An exhibition titled ‘Fragmented Epiphanies’ exhibiting works of six celebrated young artists went on display at Satrang Gallery on Thursday.
Artists Inaam Zafar, Mohsin Shafi, Rabeya Jalil, Saba Khan, Sehr Jalil and Shameen Arshad have tried to draw inspiration from their interests, readings and daily lives to create works. They have used text based visuals and interesting objects like erased and burnt magazine papers to create interesting pieces of mixed media.
UNDP Country Director Marc-Andre Franche inaugurated the exhibition. He said that a wise leader once said that when you want to see how a society is, see how they treat their prisoners, the mentally ill, and their artists. “I certainly think the way a society treats its artists is a reflection of how civilised the society is. Pakistan needs to do a lot more to promote its artists. In the past four years that I have been in Pakistan, I have personally witnessed contemporary art grow. Pakistani art has a potential to change the nation’s perception towards positivity,” he said.
Satrang Gallery Director Asma Khan said that art is a contemplative medium bearing the reflection of society and inspiring the behaviour, which grows to bring about a substantial change in the society.
Zahra Khan, curator of the show said she believes art is an investigation, a narration, a contemplative medium bearing the reflection of society and inspiring the behaviour which grows to bring about a substantial change.
Arshad told The Express Tribune that text has always been a part of her work. “Time and again I have been inspired by literature, using it as a basis for the imagery I develop on my canvas. However, the use of actual text is a very recent endeavour. I like the idea of text acting as visuals. Thus, my images make use of only words or letters to create visuals which, might seem as a design or pattern at first, reveal themselves to be fully formed sentences on closer inspection,” she said.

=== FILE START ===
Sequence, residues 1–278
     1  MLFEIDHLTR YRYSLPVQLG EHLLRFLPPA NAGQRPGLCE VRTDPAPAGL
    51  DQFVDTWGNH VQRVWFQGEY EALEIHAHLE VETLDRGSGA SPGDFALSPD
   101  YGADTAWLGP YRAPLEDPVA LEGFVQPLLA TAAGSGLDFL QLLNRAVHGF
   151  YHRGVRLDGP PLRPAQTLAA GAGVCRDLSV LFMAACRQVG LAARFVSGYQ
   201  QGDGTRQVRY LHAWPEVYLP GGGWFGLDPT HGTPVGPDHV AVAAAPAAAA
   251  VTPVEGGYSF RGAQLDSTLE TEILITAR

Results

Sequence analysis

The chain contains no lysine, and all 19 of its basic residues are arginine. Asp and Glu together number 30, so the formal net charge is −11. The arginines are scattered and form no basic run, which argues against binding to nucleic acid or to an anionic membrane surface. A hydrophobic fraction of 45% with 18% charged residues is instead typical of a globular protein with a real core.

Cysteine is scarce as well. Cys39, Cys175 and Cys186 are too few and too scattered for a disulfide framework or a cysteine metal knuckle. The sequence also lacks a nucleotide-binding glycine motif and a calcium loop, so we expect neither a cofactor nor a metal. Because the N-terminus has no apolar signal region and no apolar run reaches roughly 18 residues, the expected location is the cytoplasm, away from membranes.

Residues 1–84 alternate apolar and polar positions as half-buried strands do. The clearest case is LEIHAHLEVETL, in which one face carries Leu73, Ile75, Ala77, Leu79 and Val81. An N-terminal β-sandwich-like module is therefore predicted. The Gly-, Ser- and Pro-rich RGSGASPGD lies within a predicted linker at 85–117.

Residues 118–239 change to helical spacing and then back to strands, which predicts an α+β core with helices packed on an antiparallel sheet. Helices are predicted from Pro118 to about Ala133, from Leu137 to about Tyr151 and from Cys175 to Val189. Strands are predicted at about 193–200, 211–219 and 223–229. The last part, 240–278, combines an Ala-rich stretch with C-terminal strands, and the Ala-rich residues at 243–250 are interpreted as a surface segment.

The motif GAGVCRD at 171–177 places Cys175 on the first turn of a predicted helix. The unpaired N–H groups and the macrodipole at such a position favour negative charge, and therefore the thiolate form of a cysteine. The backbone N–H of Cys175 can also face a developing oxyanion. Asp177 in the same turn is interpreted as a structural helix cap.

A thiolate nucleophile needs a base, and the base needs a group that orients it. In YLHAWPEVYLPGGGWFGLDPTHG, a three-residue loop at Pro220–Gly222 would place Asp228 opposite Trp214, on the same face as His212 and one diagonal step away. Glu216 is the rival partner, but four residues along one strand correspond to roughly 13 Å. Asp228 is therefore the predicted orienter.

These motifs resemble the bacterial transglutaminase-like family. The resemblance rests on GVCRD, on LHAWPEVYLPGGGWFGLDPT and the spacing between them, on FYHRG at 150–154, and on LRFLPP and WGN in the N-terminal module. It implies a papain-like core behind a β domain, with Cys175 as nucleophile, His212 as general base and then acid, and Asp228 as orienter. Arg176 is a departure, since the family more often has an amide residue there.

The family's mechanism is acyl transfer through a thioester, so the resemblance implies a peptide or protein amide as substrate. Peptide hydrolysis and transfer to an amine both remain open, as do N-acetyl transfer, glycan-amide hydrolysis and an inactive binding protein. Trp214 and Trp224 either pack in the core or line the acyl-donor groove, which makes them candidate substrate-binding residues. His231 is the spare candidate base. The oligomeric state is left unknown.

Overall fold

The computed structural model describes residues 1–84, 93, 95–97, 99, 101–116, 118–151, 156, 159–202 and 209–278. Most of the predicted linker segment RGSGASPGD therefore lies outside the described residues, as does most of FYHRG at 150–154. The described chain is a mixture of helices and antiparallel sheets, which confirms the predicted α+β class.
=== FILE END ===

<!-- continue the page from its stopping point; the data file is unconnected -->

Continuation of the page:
She further said that she wanted to work on the idea of ‘closure’ that all individuals seek through the use of text on canvas. “The disruption in something as common as text on a wall invokes very different sentiments. I wanted to capture the discomfort caused in individuals when they are not able to fully decipher the text or they have to struggle to read a statement a few times before it makes sense to them,” she added.
Zafar said his artwork was heavily inspired by his six-year experience of working with autistic children in Lahore. “I don’t create artwork that shows autism in anyway. I believe that is too direct and art has to have a commercial value but my experience does have an influence on my work. While working with autistic children, one has to plan everything from scratch, which allows you to see into the detail of things like how brain works, how cognition operates and so forth. All of this translates into my work too,” he said.
Jalil said her work was influenced by the flurry of everyday randomness, bursts, philosophies, nonsense, truth, lies, and love of life.
Khan explained that the past decade has seen rapid urban development in Lahore, which has had an influence on her work. “The previous landmarks and trees have been eaten up and the city is adamant on providing dream homes to middle and upper classes, mushrooming miniature American ‘McMansions’ with Punjabi baroque sensibilities are the norm,” she said.
The exhibition is ongoing till May 15.
Published in The Express Tribune, April 15th, 2016.